<<If, by “alive”, you mean “have a nervous system that is supplied by a network of other systems made of proteins, water, and trace other elements”, then no. However, you do still have an intellect, free will, morals, and even a thaumic signature, though the last differs slightly from those of the mortal races. You simply exist differently than others with a similar level of intelligence.>>

“Good gravy, I ask one question and four more pop up in its place,” I muttered to myself. “Alright, here’s an important one: you spoke earlier about ‘records of my memory.’ Does that mean you can read my mind?”

The Adjutant hesitated for a moment.

<<I do not understand what you mean by “my mind”. Do you wish to know if we are separate beings?>>

“I want to know if you’ve been mucking around in my head!”

<<Again, you do not have a “head” for me to access, as we are not separate beings. I am you. You are me. I refer to myself as an individual because I assessed that it would be more beneficial to your mental health, having recently been mortal. If you wish to know which intelligence has priority as far as processing power, the Director always comes first. If there is enough memory, the Adjutant subroutine starts up. I have access to the information in your intellect and can plan with and around that information, but I cannot alter it in any way. I am your subordinate in all things. I cannot take action unless you have commanded it.>>

“So, in essence, you’re just a voice in my head.”

<<That is greatly over-simplifying my function, but yes, I suppose I am that. At least until you give me directions to the contrary.>>

I would have continued with that line of questioning, but just then, I heard something off in the distance. When I stopped walking, the echoes of hoof-steps did not. In fact, they seemed to be coming closer, along with the murmur of muted voices.

“Ah crap,” I whispered, “the Guards’ve come looking for me.”

<<How do you wish to handle them?>>

“I don’t know, let me think.”

There were a few ways I could do it. If possible, I wanted to get away as bloodlessly as I could. The less I interacted with them, the fewer chances one of them could get away with information on me. So that left either trying to sneak by them or bluffing my way past the patrols. Both were risky, but I felt slightly more confident in my ability to talk my way out of it. I was already coming up with a plan.

<<I agree, deception will offer the most flexibility in the efforts of subterfuge.>>

“Yes, I know, now hush!” I whispered harshly. “I don’t want to give awwwaitaminute… Was I speaking out loud?”

<<No, you were not.>>

“Then how did you know…? Oh. Right. You can read my mind, apparently.”

<<Yes, I can. And if you wish to be stealthy, I would advise you to keep further communication on inaudible channels.>>

“I know-!” I started, before I remembered to think it. I know that, stop patronizing me!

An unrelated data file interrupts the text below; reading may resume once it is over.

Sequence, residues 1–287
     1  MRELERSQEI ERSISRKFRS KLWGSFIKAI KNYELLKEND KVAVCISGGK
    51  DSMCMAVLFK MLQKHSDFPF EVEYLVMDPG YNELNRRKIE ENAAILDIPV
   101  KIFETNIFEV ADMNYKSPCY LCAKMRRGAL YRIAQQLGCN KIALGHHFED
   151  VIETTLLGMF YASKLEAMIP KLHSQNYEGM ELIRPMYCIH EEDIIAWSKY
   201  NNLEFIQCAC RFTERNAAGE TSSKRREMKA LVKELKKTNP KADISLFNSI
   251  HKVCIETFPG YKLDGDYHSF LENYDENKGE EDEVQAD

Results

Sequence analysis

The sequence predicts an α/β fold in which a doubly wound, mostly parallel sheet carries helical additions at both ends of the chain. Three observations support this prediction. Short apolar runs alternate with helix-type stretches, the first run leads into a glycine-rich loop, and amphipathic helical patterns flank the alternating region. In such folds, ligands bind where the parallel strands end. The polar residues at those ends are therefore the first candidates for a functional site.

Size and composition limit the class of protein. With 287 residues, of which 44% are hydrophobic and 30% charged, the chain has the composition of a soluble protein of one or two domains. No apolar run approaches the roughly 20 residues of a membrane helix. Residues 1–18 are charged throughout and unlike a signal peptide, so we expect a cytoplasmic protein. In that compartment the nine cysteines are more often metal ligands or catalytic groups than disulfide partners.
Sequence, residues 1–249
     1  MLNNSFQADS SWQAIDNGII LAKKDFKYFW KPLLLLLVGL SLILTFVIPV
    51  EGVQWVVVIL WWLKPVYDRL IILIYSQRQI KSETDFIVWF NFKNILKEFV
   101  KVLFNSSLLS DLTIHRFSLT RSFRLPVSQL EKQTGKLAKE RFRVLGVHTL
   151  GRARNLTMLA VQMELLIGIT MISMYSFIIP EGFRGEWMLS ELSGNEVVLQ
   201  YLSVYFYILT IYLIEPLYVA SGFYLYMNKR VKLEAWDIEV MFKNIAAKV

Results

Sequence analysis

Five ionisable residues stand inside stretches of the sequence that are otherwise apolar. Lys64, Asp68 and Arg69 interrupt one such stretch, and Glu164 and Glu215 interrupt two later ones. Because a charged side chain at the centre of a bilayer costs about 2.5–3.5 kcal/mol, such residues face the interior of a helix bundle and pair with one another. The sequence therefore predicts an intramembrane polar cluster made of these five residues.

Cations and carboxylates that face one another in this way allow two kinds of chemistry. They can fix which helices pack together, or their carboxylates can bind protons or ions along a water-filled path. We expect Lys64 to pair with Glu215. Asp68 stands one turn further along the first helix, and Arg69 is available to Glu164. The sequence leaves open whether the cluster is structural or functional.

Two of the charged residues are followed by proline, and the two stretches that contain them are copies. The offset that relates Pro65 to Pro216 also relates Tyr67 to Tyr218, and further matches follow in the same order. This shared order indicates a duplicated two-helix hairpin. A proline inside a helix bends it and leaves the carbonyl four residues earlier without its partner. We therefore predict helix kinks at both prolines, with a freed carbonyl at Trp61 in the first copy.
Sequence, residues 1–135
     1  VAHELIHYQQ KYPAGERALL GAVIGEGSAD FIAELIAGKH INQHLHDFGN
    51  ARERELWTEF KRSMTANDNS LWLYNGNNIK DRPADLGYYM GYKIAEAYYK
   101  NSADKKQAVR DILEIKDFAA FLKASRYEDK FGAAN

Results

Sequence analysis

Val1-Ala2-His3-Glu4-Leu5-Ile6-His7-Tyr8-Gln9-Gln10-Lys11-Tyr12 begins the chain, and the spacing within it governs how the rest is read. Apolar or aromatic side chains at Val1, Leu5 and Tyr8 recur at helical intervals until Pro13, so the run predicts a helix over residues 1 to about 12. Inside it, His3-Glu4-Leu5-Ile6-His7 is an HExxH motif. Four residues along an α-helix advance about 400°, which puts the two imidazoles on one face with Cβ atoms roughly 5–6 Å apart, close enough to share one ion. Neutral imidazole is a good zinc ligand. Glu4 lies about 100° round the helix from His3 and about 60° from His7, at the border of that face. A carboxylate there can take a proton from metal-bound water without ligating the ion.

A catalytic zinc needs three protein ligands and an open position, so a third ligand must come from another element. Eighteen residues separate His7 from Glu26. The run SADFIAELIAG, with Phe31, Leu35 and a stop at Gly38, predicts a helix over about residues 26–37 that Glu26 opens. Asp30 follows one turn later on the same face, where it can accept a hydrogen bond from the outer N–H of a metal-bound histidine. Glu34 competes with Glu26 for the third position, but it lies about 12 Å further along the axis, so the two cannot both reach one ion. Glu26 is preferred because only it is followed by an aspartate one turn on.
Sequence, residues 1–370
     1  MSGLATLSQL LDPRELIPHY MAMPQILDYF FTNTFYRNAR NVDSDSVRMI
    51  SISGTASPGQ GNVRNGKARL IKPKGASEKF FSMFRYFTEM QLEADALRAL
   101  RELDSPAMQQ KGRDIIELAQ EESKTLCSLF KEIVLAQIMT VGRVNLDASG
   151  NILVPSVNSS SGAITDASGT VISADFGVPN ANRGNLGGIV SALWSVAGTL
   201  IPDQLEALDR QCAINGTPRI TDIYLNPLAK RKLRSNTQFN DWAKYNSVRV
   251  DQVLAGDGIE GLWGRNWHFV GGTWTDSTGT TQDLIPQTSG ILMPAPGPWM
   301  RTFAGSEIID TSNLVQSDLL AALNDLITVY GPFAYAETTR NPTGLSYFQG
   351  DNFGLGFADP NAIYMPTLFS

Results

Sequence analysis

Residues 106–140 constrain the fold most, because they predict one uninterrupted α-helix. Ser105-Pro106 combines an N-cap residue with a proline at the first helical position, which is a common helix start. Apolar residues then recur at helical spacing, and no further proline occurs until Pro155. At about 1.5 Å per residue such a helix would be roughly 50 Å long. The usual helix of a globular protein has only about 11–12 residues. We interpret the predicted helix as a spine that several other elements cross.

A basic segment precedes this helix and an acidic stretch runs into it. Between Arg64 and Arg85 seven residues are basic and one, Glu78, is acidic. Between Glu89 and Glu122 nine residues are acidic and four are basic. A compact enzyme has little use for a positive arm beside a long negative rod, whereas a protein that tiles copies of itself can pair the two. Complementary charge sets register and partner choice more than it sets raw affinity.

<<I am not patronizing. Merely reminding.>>

I bit back a retort. I needed to focus on playing the part. To start, I made a horn pop out of my head, then covered it in a rippling blob of transparent goo. I made the blob glow, then practiced putting it out quickly, using fireflies as inspiration. The required chemicals differed slightly from those in a glowstick, but it meant that putting the light out was as simple as cutting off the oxygen supply. I could now effectively call myself a unicorn.

As the sound of hoofsteps came closer, so too did an array of multicolored lights bouncing off the sewer walls. One more reason I was glad I chose to bluff my way through: it was much harder to hide when the enemy had built-in flashlights. My plan cemented, I adopted a disgusted and thoroughly put-upon expression and walked towards the light.

“Is that the guard?” I called out in a posh voice as I rounded the corner. “Thank the Mas-”

I was cut off by a bolt of magic that sizzled through the air above my head. I yelped and ducked back around the corner. It took a moment to remember who I was supposed to be.

“Put your blasted horns out, you imbeciles!” I shouted at them from cover.

“Step forward and identify yourself,” one of them shouted back.

I peeked around the corner and glowered at the light. “Stark, of House Raven, first of my name and student of Silverglow Academy! Now point those damned things elsewhere! It’s bad enough I was coerced into coming down here, I don’t need a bunch of meatheads trying to blast me into next week!”

The exasperated groans I heard echoing towards me gave me a spike of satisfaction. They were already starting to buy my act. It wouldn’t be so easy to convince them to let me be, however.

“Why are you down here in the sewers?” The same pony demanded, pegging himself as the leader.

“Like I said,” I grumbled, “I was coerced. It’s not the first time I’ve been bullied into doing the senior class’ dirty work. ‘Oh, dear, somebody stole my precious hairpin and fled into the sewers! Oh, well, let’s just send Stark Raven down there, he’s mad enough to do it.’ Bah! Those cotton-brains couldn’t find their way out of a wet paper bag without their servants. But I’ll show them! House Raven will not be trif-”